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Take up your cross

“Then he said to them all: ‘Whoever wants to be my disciple must deny themselves and take up their cross daily and follow me.’”

Luke 9:23

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Recently, I have been attending sessions at my church home to better equip myself to lead and disciple others. These sessions have been extremely valuable and have made me extra grateful to be part of a church that invests in its people and releases them into their God-given callings. A key nugget of wisdom I have held on to, is that to lead others effectively, you must first lead yourself. Therefore, to disciple others well, I must first be a true disciple of Jesus. As I (not coincidentally) came across the above scripture during my time with God, I immediately sought God to help me unpack it further. I had read this instruction from Jesus to His disciples so many times before, without giving much thought to what it meant for me personally. Shows how easily we can get caught up in going through the motions in our walk with Jesus!


So what does it mean to be a disciple of Jesus?

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In Luke 9:23, Jesus reveals three keys to being His disciple… “Whoever wants to be my disciple must deny themselves and take up their cross daily and follow me.”


1. Deny yourself


Now, my first instinct when reading this phrase is that I must deny who I am (my personality, likes, tastes, preferences) in order to become someone else, perhaps someone worthy of following Jesus. This interpretation triggers the defensive side of me that wants to say “well if Jesus won’t accept me the way that I am, why should I follow him?” Sound familiar?


But when I read this through the lens of the Holy Spirit, I see that in no way is Jesus asking me to be someone other than myself. I know that God, who created my inmost being (Psalm 139:13), created me as I am, for a purpose.


As I recognise that, my perspective shifts to understand that Jesus is speaking of denying our own will and doing things our way, in favour of the will of God. To deny yourself, is to completely surrender to God, His will and His way. We may not always understand God’s way, in fact we rarely do until hindsight gifts us with clarity. However, when we surrender to God, we are choosing to trust that His way is better.


“For I have come down from heaven not to do my will but to do the will of him who sent me.” | John 6:38

2. Take up your cross daily


This to me, is probably the most cryptic (or symbolic, for use of a more constructive word!) of the three conditions – like the parables, it requires careful interpretation.


We know that today, the cross symbolises healing, forgiveness, victory, love, grace, mercy, freedom and so much more! At the time Jesus shared these instructions with His disciples, the cross represented suffering, death, sacrifice.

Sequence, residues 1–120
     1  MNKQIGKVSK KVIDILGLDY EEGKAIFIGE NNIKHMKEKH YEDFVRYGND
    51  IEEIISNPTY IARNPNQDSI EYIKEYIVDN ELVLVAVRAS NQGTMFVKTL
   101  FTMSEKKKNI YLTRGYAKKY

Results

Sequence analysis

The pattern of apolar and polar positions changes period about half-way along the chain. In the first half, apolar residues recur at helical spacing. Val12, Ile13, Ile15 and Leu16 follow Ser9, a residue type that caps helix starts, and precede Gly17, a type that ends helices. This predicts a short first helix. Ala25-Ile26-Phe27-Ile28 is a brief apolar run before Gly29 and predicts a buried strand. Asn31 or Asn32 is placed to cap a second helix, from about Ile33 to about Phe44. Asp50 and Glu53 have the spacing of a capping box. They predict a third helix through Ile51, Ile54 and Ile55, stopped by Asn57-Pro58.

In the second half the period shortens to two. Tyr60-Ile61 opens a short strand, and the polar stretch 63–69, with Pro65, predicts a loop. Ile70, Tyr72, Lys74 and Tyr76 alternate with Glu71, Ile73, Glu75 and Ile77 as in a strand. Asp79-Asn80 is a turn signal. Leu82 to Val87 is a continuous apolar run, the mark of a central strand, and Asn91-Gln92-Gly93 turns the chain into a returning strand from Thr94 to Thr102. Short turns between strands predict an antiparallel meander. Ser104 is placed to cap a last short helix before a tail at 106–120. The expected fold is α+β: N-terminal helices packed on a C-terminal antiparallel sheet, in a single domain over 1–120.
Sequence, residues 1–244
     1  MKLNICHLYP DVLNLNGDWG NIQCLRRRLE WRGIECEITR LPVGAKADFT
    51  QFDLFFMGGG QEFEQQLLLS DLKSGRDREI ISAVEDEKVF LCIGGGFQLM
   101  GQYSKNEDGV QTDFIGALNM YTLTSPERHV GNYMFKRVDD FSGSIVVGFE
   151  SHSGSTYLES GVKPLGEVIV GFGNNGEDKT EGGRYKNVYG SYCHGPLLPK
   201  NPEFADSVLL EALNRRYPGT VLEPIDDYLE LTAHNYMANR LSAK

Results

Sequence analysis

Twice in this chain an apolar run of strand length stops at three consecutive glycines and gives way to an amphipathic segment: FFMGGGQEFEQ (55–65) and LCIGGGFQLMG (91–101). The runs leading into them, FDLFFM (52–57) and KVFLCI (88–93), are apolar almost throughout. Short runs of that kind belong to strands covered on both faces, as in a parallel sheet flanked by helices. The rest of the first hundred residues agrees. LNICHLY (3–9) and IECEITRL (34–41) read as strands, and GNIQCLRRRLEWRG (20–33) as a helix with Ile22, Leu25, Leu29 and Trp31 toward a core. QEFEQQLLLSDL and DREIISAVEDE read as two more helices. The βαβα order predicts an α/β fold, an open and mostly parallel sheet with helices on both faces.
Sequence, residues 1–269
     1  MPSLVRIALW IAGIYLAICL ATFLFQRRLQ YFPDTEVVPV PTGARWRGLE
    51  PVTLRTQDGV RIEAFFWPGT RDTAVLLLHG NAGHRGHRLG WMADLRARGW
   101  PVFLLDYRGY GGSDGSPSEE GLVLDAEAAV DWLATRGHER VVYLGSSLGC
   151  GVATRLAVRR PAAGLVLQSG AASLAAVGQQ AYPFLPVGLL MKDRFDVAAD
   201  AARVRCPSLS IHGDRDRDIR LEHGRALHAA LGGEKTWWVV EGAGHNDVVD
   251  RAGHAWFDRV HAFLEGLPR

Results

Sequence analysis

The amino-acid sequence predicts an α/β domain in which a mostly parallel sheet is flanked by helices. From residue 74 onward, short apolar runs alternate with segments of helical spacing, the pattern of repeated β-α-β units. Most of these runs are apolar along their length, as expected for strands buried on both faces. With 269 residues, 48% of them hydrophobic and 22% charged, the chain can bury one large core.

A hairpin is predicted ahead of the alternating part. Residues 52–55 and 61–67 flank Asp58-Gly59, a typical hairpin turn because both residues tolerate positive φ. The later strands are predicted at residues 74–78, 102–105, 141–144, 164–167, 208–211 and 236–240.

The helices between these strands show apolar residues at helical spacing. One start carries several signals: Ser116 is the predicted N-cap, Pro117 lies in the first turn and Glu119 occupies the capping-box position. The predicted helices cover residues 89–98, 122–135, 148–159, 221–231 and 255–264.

To be a disciples of Jesus requires daily sacrifice. Sure, we can say that we are surrendered to God’s will – we can lift our hands in worship, pray the right prayers and regularly study His Word, but what does that look like in our everyday lives? What does it mean to take up (or to carry) your cross? I believe that Jesus personalised this statement for a reason. Carrying your cross can look different for each one of us.


For me, it looks like stepping out of my comfort zone and speaking to that person who may be in need of a friendly gesture. It looks like overcoming my insecurities to lead and minister to others who need someone to walk alongside them. It looks like letting go of my need to control my finances and going against the grain, entrusting that God will always provide.


3. Follow Jesus


By reading the Gospels, we get a picture of how Jesus lived. We see how He walked and talked, how He spent His time and who He spent it with, His relationship with God and so many aspects of His nature. I believe that God sent Jesus to this earth in human form, not only so that He could die for our sins and make us right with God but also as an example for how we too should live.


To “follow”, means to go in the same direction – we are called to walk as Jesus walked. This means loving the unloved, living generously, serving others and continuing to grow in the likeness of Jesus.


“For even the Son of Man did not come expecting to be served by everyone, but to serve everyone, and to give his life in exchange for the salvation of many.” | Matthew 20:28 (TPT)

ake note of how Jesus uses the word “and” between each of the above instructions. Through mere sentence structure, He highlights that these conditions of discipleship are to be taken jointly, they’re not mutually exclusive or even optional. Each condition builds on the one before. When we surrender to the will of God, this will inevitably require our daily sacrifice out of obedience and when we continually obey God, we become more like Jesus.



To "deny yourself" is something I struggled with for quite some time before the Holy Spirit revealed the intention behind this statement. Are there any of the three keys shared by Jesus that you have (or feel you need to) work through with God?




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